Saturday, March 28, 2015
The golden age of planetary science
Dawn & New Horizons The golden age of planetary science
Despite the recent announcements regarding cuts to certain high profile programs in the 2016 budget, NASA keeps plugging methodically along. Hopefully with the buzz surrounding some of its other programs in the news of late, the public’s imaginations will again be fixated on space, and this trend may reversed.
With the launches of both Dawn and New Horizons in 2007 and 2006 respectively, NASA quietly heralded a new era in planetary exploration and science. Though both destinations have since been re-categorized as a dwarf planets. In the case of Ceres it was an upgraded from asteroid status. Despite the nomenclature everything about these two missions is big news and here's why. Firstly, new technologies are allowing these craft to do more with less and by less I mean fuel. Both craft are powered by ion plasma propulsion. This new application of legacy technology allows a ship for the first time to maneuver in two new key ways. Dawn is the first spacecraft to orbit more than one celestial object in a single mission. (Ceres & Vesta) The demands of such a mission requires the ship to change course in ways that would be impossible under more conventional means. Secondly these technologies allow for payloads manned or otherwise to move far farther and faster than ever before.
The technology as awesome as it is,must however take second place to the discoveries that await on these never before seen worlds. We will literally be having the a true first look at them. Both destinations have historically been too remote to observe with any amount of detail.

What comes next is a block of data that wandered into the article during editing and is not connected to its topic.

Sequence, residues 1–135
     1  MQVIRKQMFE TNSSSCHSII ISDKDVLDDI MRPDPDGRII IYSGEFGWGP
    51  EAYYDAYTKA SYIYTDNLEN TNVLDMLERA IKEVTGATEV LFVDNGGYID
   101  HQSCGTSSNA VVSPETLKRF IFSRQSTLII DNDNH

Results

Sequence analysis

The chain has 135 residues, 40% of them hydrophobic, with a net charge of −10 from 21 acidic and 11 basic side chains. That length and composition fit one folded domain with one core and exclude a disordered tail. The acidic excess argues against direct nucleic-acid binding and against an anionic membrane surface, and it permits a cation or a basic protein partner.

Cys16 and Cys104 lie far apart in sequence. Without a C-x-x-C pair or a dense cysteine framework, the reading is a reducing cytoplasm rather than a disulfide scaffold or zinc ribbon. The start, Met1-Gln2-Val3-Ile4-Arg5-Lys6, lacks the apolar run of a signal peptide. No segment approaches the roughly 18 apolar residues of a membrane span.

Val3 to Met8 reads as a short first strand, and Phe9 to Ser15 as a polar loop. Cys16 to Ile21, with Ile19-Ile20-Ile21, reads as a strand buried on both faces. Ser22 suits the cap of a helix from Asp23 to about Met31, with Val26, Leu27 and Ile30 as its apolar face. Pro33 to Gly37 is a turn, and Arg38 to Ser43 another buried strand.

So It is difficult to predict with any degree of certainty what we will find. This uncertainty and subsequent risk taking, is however why we do it. It is part of our human legacy. in a relatively short time since having emerged from the cave we have traversed and explored every environment we have come in contact with. With each step our technologies have grown in sophistication. Now despite our problems we find ourselves stuck on the edge of space.
These are however merely our first fledgling steps beyond the nest of our birth. There is no doubt in my mind that one day we shall set our feet on these worlds. The question remains, when after fifty years of stagnation will we again venture forth beyond low earth orbit.? We know evidenced by these recent mission that all of this is possible. When will the space establishment adopt an aggressive strategy toward this end. There is a point when caution becomes cowardice. Have we gotten to that place where we are paralyzed by fear? In times of war men and women are sent to their deaths without question. As evidenced by the interest generated by the Mars one project there would be scores of volunteers who would give their all for such a chance.
I don’t know if Mars one will, or even can succeed. I do however disagree with the scores of Space scientists whose say its impossible. Dangerous, you bet but not impossible. These same space experts have continually pushed back a theoretical mars landing, time and time again, saying we are not ready. We should have in the last fifty years had feet on most if not all of the rocky bodies in our solar system. Instead we fly around tethered to the Earth. I would like remind them that safety is not guaranteed to any of us. The early explorers knew this. why is it that we have forgotten?
Below I have attached links to plans from the past that for one reason or another were either mothballed or never came to fruition.